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Author Topic: An impression of Fallout 3  (Read 21037 times)
Michaël Samyn

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« on: June 17, 2010, 05:31:58 PM »

Here's a blog post on Fallout 3 in my "Treasures" series, in which I research AAA games in search of something of value to the notgames concept.
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Thomas

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« Reply #1 on: June 17, 2010, 07:34:55 PM »

Nice write-up!

A question: I have heard that there is a town you can visiit in the game where there has been a plague or something. According to what I read somewhere players found it very emotional to just walk around talking to the inhabitants and explore the surroundings. Was this a location you came across and if so what was your impression of it? It just seems like a bit of notgamey moment to me.
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Michaël Samyn

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« Reply #2 on: June 17, 2010, 08:45:40 PM »

I don't think I have found this town. Do you know its name? There were some references here and there to family tragedies and such. But sadly these were usually just backdrops for fedex quests, which removed a lot of their emotional potential for me. I really missed the opportunity to develop a friendship in the game. Maybe that happens later on. But then I would say the game is far too long. I've played this for about 10 hours so far, and nothing really happened.

I found the world to be very immersive. But as I've mentioned in the blog post, it immerses you in an atmosphere that is actually quite unpleasant. Which is fine for a short while, but gets far too realistic after a while. In the sense that a post-nuclear world probably is indeed very dangerous and dull most of the time.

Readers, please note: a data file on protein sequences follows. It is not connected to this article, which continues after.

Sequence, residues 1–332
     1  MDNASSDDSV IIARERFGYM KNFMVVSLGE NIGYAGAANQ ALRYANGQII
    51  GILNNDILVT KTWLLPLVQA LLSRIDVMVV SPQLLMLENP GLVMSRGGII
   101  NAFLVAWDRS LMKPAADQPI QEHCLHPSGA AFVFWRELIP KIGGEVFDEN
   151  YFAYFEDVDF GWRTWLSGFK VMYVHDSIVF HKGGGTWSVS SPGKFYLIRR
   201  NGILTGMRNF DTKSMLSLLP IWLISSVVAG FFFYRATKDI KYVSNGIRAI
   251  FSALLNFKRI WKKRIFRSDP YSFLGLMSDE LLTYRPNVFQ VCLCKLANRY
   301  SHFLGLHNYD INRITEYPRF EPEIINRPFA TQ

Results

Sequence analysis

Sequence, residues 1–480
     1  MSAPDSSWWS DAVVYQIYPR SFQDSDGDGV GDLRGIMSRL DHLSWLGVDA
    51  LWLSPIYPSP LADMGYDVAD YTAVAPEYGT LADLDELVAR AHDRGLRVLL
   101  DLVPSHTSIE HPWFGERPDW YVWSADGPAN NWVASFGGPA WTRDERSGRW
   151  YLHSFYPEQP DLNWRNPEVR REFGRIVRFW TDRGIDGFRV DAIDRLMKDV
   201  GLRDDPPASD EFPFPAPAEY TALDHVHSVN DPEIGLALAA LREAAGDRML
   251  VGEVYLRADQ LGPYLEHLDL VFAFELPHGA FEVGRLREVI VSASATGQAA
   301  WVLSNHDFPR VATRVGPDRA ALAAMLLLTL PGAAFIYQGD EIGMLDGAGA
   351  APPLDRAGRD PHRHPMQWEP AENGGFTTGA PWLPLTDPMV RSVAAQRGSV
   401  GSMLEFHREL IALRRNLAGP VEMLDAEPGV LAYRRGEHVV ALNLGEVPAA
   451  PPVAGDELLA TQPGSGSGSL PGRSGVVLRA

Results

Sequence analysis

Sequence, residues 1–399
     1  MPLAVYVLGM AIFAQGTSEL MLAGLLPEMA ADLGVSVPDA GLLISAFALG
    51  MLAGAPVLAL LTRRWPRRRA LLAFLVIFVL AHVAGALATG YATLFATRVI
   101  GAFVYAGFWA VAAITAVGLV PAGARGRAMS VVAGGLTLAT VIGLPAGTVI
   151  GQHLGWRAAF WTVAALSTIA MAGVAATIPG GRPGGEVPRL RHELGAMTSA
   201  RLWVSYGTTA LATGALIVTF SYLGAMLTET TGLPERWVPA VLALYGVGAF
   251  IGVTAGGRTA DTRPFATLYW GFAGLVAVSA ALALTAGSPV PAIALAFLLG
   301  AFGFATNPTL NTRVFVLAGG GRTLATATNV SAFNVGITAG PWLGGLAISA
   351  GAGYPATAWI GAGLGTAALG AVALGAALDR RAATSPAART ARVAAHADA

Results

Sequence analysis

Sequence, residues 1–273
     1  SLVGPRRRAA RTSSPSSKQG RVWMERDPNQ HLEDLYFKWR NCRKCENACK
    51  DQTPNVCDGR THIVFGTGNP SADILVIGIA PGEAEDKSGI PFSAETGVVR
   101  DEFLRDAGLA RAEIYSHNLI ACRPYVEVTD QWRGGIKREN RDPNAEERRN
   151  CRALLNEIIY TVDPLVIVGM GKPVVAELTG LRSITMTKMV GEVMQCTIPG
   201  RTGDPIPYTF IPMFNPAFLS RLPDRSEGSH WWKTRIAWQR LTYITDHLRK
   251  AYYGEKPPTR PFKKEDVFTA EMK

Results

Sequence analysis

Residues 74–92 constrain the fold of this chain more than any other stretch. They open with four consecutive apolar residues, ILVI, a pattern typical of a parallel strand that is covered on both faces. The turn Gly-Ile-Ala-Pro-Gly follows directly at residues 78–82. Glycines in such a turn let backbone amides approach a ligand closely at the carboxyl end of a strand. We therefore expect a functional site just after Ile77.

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Thomas

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« Reply #3 on: June 17, 2010, 09:51:29 PM »

Afraid I cannot remember the town nor where I read about it so cannot look it up either.

Small rant:
I was tempted to buy the game during a steam weekend sale, since I liked some aspects of the first fallout. However, after reading reviews and such it seems like they just focused on making the killing better and not improving other aspects. The first game had some really engaging moments, for example you could give advice to farmers so they grew better crops, tell local authorities about a guy selling bad food, getting evidence against mafia boss by wearing a wire and convince an AI to let you do stuff. All of these where choices and made the world feel very living because of it. The problem is that the I tried really hard to play the role of a clever scientist guy in the first game, but the game soon forced me into fighting, which mostly was boring (battles where turn based and could be reaaaallly drawn out). The first game also had all kind of annoying stuff present in older games (dead-ends, time limits). I was hoping that this game would improve upon the non-violent stuff from the old one, but it seems like they just put even more emphasis on killing stuff. It is just annoying how games cannot focus on this stuff that was present in older games, but instead even less time seems to be devoted to it. It feels as if games from 10 years ago or more contained these really glimpse of a new line for the medium, but then nobody has really put any real focus on em and just spent time on cheap and additive thrills.
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Michaël Samyn

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« Reply #4 on: June 18, 2010, 09:00:02 AM »

It feels as if games from 10 years ago or more contained these really glimpse of a new line for the medium, but then nobody has really put any real focus on em and just spent time on cheap and additive thrills.

I feel the same. I've seen the transition happening. In 2003-2004, I think, there was something like a mini-crisis in the games industry. Budgets were ramping up and small developers were disappearing. In this time, publishers and developers decided to stop trying to appeal to non-gamers and put all their focus, instead, on "games for gamers". Then Nintendo came along and confused the hell out of everything with their games-for-normal-people-who-don't-play-videogames-but-do-like-playing-other-games approach. And their commercial success moved the idea of videogames as a medium of further away from reality.